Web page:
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GAMA President Challenges Industry To Stop Rampant Replacement

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GAMA President Challenges Industry

To Stop Rampant Replacement


New Orleans

Saying the life insurance industry is facing a crisis of its own making and needs to make changes if it is to survive, the 2003-4 president of GAMA International called on companies to stop paying new commissions on replacement business.

Speaking at the annual LAMP meeting sponsored by GAMA International, Michael R. White also said the industry must stop offering enhanced financing dollars to recruit agents away from their existing companies.

The crisis facing the business, said White, who is president of Virginia Asset Management, Richmond, Va., is caused by the practices of some in the industry of moving large books of business from company to company in hope of achieving short-term success but at the expense of long-term growth.

As for markets, White said too many insurance companies are looking to acquire business rather than build it. They are re-engineering products rather than innovating, he says.

Companies, White said, are trying to attract each others books of business, a practice that is destructive over the long term.

“If the industry is to thrive, it must position itself to develop new hall of famers,” White says. “We cant continue to tear each others agencies apart in a short-sighted attempt to grow our own businesses.”

To survive and succeed, life insurance professionals must have a calling, he said, but there has been a meltdown in support of new professionals entering the business.

“This is a clarion call,” he says. “We must take control of the industrys future.”

The statistics, White says, reflect the current state of the industry. The average age of the life insurance industry financial advisor is now 51, he said, compared with 35 in 1980.

Agent retention is now down to 11%, White added, compared to 20% in 1980.

These, he said, are not the demographics of a dynamic industry. The industry, White said, is facing its own demise and struggling for survival.

“What have we been doing in the past 25 years?” White asked. “What has happened to our commitment to developing new people?”

Rather than focusing on building relationships, White said, the industry has resorted to a type of “cannibalism.” Rather than developing new markets, he said, premium dollars simply are being shuffled from company to company.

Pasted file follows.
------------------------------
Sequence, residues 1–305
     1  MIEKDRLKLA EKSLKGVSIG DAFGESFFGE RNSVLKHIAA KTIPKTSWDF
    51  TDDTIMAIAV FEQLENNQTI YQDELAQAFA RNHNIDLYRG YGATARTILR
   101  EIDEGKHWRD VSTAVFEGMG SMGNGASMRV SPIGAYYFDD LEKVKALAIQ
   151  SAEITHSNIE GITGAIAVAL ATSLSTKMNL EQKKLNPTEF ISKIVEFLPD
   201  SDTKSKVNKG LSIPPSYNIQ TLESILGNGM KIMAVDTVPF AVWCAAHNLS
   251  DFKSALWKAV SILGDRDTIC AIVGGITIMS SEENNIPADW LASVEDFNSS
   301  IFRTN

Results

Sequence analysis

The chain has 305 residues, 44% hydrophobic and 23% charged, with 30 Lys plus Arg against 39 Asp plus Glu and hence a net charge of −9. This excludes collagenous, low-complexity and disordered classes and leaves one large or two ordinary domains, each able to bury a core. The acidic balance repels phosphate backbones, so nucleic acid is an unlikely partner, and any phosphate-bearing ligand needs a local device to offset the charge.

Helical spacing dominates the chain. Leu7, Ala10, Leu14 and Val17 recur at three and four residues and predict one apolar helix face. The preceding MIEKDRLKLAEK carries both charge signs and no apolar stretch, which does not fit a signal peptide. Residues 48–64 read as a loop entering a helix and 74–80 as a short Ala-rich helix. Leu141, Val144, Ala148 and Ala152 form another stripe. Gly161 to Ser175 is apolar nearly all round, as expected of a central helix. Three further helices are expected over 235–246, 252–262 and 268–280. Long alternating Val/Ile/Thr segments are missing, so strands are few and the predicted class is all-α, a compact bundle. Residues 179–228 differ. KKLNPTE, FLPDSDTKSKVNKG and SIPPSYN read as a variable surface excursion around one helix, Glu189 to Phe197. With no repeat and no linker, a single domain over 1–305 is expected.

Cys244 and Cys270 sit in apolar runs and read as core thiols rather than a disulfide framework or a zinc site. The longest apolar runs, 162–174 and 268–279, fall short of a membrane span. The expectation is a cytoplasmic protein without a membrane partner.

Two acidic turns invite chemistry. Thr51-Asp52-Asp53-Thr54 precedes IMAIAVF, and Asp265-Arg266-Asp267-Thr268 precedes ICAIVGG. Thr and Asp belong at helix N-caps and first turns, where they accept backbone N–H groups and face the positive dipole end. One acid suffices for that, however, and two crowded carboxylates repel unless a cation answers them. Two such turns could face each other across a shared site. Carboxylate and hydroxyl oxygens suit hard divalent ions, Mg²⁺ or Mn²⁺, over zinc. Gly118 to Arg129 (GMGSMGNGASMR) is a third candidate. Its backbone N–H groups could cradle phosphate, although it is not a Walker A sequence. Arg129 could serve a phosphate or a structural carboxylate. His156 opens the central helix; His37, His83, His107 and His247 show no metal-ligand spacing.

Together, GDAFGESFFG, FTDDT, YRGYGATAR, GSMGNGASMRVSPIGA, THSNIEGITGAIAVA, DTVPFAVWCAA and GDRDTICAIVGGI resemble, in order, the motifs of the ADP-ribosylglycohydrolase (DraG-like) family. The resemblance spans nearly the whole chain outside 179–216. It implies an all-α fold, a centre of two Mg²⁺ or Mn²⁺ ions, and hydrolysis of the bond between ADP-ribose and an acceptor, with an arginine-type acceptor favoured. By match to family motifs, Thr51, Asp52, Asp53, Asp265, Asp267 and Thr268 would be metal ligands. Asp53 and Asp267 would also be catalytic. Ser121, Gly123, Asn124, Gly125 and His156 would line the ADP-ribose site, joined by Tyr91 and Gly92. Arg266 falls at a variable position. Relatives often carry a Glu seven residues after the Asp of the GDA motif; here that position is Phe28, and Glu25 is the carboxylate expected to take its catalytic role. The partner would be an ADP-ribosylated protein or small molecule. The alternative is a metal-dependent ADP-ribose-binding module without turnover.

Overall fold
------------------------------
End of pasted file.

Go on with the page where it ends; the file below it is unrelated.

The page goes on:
Moreover, he said, some of the policies are being changed even though it is not in the best interest of the policyholder. This is bad for the client and the industry and devastating to the agency system.

The hidden issue here is replacement, White said, and it eventually could invite government intervention. The industry, he said, must self-regulate to stop the government from interceding to protect the consumer.

White cited 3 reasons for the current state of affairs. First, he said, fewer resources are being invested in training and building people. Second, there are fewer and fewer long-term relationships. And third, the industry is not creating new markets.

White said that recruiting and training new people is the only way professional organizations can grow. He noted that the National Association of Insurance and Financial Advisors has seen a 50% drop in membership in the last several years.

“A healthy, growing NAIFA is important to the success of the industry and the agency system,” he said. “We must help NAIFA grow its membership.”

Reproduced from National Underwriter Life & Health/Financial Services Edition, March 25, 2004. Copyright 2004 by The National Underwriter Company in the serial publication. All rights reserved.Copyright in this article as an independent work may be held by the author.


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